Thrilled with the support he was receiving, and relieved to be free of cynical Massachusetts journalists, Clark wrote his wife, “Governor Kuroda consults me constantly…and always follows my advice…I tremble to think how much confidence is reposed in me and what responsibilities I am daily assuming.”
Perhaps more important than the respect he received from the Japanese government, Clark earned tremendous respect from his Japanese students. They called him Clark-sensei. His message of ambition, self-improvement and enlightenment may have seemed tired in Massachusetts. But to the youth of Japan, his philosophies were world-shattering. These boys had been born into a feudal society, bound by rigid systems of title and royalty. But now, here was a mentor introducing the notion that they could make anything of their lives. They could set goals, reach as far as they wished, and change their country. Clark told them, during the opening ceremonies of the SAC:
This wonderful emancipation from the tyranny of caste and custom, which in ages past has enveloped like a dark cloud the nations of the East, should awaken a lofty ambition in the breast of every student to whom an education is offered. Let every one of you young gentlemen strive to prepare himself for the highest positions of labor and trust and consequent honor in your native land, which greatly needs your most faithful and efficient service.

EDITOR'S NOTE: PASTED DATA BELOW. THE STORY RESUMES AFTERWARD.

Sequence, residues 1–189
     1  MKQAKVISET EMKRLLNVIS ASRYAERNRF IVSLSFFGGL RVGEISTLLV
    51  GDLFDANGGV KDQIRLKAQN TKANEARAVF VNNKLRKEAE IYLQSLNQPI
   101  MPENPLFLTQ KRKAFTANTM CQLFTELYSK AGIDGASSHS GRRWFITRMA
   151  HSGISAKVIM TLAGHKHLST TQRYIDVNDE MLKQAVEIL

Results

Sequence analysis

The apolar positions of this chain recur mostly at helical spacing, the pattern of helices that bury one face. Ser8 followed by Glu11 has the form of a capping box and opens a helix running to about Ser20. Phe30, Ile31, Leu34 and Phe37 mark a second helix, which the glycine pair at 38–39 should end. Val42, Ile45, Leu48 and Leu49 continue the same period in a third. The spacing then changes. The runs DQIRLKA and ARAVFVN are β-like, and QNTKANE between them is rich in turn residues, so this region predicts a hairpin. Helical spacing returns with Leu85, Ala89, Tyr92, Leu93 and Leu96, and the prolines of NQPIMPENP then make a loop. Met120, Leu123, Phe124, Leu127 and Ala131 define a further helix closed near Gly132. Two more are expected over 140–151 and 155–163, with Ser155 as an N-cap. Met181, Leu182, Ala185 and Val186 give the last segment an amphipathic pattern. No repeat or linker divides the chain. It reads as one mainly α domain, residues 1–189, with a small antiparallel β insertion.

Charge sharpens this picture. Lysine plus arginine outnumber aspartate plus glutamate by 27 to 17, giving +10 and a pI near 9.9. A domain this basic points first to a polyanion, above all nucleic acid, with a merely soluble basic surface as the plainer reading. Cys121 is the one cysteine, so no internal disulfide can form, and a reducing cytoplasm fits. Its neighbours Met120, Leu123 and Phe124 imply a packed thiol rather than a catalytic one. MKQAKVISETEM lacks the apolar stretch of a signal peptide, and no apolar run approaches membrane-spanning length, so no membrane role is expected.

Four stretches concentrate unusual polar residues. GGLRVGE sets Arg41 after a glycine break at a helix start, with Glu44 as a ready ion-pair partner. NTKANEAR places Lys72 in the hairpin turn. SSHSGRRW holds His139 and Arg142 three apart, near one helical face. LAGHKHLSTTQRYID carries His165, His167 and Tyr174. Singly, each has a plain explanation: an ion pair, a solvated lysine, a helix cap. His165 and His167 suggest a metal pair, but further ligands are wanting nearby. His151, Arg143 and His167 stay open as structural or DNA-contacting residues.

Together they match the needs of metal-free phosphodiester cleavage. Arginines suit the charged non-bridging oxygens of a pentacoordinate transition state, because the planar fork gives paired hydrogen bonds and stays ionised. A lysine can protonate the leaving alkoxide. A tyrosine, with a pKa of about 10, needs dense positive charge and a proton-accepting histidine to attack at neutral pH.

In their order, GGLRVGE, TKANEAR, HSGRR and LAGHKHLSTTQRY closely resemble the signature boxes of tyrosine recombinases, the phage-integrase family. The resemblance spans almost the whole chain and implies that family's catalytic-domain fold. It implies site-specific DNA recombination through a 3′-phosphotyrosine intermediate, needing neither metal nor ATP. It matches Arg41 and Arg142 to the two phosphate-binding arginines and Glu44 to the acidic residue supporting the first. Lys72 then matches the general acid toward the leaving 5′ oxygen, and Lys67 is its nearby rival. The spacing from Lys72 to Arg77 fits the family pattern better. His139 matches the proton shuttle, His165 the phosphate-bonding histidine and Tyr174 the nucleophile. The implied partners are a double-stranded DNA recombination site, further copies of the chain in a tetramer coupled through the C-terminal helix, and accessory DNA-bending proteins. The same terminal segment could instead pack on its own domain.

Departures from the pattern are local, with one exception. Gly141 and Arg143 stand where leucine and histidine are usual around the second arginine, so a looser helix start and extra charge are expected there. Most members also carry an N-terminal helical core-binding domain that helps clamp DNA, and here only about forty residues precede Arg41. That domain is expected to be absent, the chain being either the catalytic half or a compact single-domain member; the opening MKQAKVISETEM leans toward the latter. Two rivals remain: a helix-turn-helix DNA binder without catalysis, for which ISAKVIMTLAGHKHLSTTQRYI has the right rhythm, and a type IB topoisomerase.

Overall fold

Clark spent just eight months in Japan. But the change he wrought was enormous. On the day of his departure in April 1877, the students and faculty accompanied him on horseback for about 13 miles. At the village of Shimamatsu, he took his leave. His parting words to them before he spurred his horse, “Boys, be ambitious!”
The phrase is now legendary in Japan. Today, the SAC is known as the University of Hokkaido. Clark’s visage overlooks Hokkaido from several statues, including a particularly striking one atop Hitsujigaoka Observation Hill outside Sapporo. Elementary schoolbooks across the country contain his picture and a brief story of his life.
Back in Massachusetts, he is virtually forgotten. The MAC eventually became the University of Massachusetts. But the institution was all too eager to forget its “cow college” origins. Only relatively recently at UMass has there been an effort to remember Clark.